By Matisse Sanchez and Jessica Cuevas, Mar. 1, 2022
The Love Button club hosted a virtual self-love and self-care event on Feb. 14. This event was open to members of the Cal Poly Pomona community who needed some affirmations and Love Button wanted to be the one to do it.
Love Button is a program derived from Love Button Global Movement with the purpose of being to collaborate with organizations and individuals to create initiatives to promote healing and well-being. Learning that self-love is an important aspect to grow and build relationships within the individual and the community is not only healthy, but it allows others to empower those who are closest to one another.
The Love Button club opened the event with an icebreaker to get students more comfortable. The club president Jessica Rios discussed the importance of what self-care looks like when difficult times arise and what to do when someone has no one to lean on.
“I wanted to put together this information so people can have it and understand that it is perfectly normal,” said Rios.
They recognized that with COVID-19 limiting students’ social lives and now returning to campus, socializing has been more of a struggle due to the fear of contracting and spreading it further.
“While there was an expression of these fears, it felt like people may not have been processing why they felt that way,” Rios said.
Rios stated that self-care is important especially during the pandemic, and when is a better time to focus on self-care than on Valentine’s Day?
The event covered and raised awareness on post-traumatic stress disorder and how it can affect people’s lives, especially the ones who have experience with PTSD. Love Button wanted students to realize it is important to talk about PTSD and be open to knowing the symptoms and signs of dealing with it.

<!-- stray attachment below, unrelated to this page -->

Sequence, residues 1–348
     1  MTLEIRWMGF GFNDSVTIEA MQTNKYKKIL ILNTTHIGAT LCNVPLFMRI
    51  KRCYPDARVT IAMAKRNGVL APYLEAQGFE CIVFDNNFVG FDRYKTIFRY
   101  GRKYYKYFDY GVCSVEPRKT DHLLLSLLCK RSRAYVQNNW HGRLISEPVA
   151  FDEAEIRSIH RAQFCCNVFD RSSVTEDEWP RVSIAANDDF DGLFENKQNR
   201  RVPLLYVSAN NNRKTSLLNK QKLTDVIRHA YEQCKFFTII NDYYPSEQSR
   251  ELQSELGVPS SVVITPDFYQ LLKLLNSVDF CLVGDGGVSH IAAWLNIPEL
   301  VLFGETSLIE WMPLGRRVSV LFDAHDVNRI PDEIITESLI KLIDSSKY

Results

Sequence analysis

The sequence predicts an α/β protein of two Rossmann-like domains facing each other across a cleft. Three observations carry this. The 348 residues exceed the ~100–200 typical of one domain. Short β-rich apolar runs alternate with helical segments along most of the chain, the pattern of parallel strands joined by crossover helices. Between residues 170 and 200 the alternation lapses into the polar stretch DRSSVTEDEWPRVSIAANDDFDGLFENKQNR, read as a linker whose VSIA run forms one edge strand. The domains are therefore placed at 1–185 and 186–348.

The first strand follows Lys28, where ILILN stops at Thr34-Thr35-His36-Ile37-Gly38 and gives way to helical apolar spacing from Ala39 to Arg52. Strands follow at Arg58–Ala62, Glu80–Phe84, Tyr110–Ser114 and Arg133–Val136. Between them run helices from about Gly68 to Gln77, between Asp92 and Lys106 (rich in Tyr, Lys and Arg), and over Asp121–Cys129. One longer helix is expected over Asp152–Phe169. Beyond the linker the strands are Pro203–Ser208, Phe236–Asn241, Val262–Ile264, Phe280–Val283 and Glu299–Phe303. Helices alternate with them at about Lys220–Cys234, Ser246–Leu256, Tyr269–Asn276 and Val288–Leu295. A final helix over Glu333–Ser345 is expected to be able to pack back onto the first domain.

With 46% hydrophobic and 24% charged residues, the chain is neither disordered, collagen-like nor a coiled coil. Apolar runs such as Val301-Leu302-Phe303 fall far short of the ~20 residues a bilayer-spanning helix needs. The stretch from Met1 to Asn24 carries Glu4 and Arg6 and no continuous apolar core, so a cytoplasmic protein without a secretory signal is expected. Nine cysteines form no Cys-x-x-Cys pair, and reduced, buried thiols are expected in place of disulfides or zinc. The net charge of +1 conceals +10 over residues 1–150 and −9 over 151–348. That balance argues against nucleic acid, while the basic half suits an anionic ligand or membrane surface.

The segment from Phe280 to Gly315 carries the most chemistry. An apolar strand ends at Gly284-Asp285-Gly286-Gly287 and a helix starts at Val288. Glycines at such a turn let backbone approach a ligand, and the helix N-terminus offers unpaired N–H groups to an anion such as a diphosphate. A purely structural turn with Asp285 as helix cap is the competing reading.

PTSD does not only affect one’s mental health but also your behavioral and physical state. Rios addressed the importance of noticing signs that could affect one’s behavior such as lack of socializing, changes in sleeping and eating patterns, detachment from other people and depression.
There are different ways in which students can practice self-care during these times. Fifth year computer information systems major, Mercedes Wendy Gonzalez, shared some of the ways that she practices self-care.
“I do believe in meditation and practicing mindfulness. There are a lot of moments when I’ll feel burned out and I’ll try to not be so judgmental on myself and take a rest.”
Since the pandemic has forced people to stay indoors, focusing on being positive and taking care of one’s self has never been more important. Not only is finding a hobby important but it enables the mind to focus on a different activity that might uplift and enlighten the mood.
“I know what helped me a lot through the pandemic was finding a hobby. I know that it’s difficult to constantly have it as a routine every day because people are busy or they tend to forget,” psychology student Nicole Moreno said.
Students expressed how they felt about the event and how it brightened up their day. Gonzalez said she felt validated, happy and a little more positive after attending.
Love Button wanted to help remind students that spreading kindness is important but so is being kind and patient with each other during these harsh times. Teaching one’s mind to take a break from the world can help get one’s mental health back to center. Although the pandemic has increased the number of hours that people have spent alone, being around positive peers can help influence the way we think about being around others once again.
LoveButton is welcoming students of all majors and backgrounds to come and participate in their weekly Monday meetings to help destress or voice out their feelings.
For more information about the club, you can find them on myBAR.
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